Trend 6.9 of the Oxygen Group (Group VIA) Trends says that the tendency towards catenation reaches a maximum at sulfur, which forms a wide range of ring and chain compounds, e.g. Sn, XSnX, [O3S(Sn)SO3]2-, and S82+.
Catenation is the tendency for covalent bonds to form between atoms of a given element (e.g. O—O). The trend of catenation deals with E-E bond stability.
The order of E-E stability in Group VIA is:
O < S > Se > Te
with Sulfur having the strongest tendency for catenation. This is seen in the elemental S8 form of sulfur, for example.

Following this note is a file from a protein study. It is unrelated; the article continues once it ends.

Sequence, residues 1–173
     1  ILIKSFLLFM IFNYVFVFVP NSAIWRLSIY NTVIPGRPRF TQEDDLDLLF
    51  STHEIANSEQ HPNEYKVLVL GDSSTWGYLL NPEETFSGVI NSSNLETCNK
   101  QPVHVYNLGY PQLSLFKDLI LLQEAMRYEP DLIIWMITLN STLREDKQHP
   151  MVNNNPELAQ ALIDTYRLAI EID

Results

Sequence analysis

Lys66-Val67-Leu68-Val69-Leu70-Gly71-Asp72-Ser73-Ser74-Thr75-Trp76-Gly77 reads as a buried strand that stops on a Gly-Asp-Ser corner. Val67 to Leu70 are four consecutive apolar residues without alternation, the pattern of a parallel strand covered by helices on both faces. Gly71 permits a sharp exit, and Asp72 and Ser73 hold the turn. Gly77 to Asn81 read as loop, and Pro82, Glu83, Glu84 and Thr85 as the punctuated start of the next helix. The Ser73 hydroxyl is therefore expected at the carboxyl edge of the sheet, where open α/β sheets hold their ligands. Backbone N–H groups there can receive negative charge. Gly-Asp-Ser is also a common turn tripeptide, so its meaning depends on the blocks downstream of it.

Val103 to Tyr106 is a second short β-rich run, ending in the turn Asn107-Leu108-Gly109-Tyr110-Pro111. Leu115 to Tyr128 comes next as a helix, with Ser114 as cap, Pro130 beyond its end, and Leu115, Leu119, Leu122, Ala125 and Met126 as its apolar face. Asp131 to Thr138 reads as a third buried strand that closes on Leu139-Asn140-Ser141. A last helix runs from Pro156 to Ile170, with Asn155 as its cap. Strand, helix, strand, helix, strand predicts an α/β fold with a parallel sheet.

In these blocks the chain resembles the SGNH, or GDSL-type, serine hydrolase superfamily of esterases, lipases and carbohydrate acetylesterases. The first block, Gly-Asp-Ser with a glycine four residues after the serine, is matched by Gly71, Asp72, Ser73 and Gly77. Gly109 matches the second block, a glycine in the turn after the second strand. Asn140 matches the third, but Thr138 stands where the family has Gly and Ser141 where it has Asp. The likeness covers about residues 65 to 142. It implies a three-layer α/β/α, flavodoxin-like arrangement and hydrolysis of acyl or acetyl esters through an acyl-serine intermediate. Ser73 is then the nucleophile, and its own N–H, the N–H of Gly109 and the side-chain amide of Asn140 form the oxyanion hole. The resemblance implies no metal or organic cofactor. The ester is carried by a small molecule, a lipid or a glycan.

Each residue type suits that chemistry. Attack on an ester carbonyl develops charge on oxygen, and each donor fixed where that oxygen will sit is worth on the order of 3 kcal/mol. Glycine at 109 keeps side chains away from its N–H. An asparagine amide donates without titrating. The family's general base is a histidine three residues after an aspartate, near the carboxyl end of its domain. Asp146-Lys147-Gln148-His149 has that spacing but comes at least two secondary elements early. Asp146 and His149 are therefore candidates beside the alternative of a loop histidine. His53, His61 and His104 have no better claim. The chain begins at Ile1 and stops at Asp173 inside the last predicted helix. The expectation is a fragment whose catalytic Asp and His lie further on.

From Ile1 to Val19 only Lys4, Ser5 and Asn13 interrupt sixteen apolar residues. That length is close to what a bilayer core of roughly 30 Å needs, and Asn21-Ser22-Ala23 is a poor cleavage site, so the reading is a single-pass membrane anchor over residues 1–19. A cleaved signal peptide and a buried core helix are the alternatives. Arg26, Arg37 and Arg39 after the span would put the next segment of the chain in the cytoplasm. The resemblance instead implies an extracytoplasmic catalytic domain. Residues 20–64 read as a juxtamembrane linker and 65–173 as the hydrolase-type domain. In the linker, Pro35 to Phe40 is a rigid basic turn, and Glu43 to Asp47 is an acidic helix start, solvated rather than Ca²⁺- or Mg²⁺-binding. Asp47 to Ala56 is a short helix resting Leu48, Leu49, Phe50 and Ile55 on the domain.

The catenation trend is because of size in 2 ways:
A) The decrease of E-E stability from S > Se > Te can be explained by the increasing size of the atoms as you go down the column. The increased bond length causes a decreased bond strength. As you go down the column, the E-E bond strength weakens and becomes less stable, so there is less of a tendency toward catenation.
B) The increase of E-E stability from O to S can be explained by lone pair lone pair repulsions. While O-O is a much shorter bond because of Oxygen's much smaller size, because O-O is so short the lone pairs on each oxygen atom repulse each other significantly and decrease the bond strength. In S-S, the bond length is longer and the lone pair repulsions do not significantly effect the bond strength.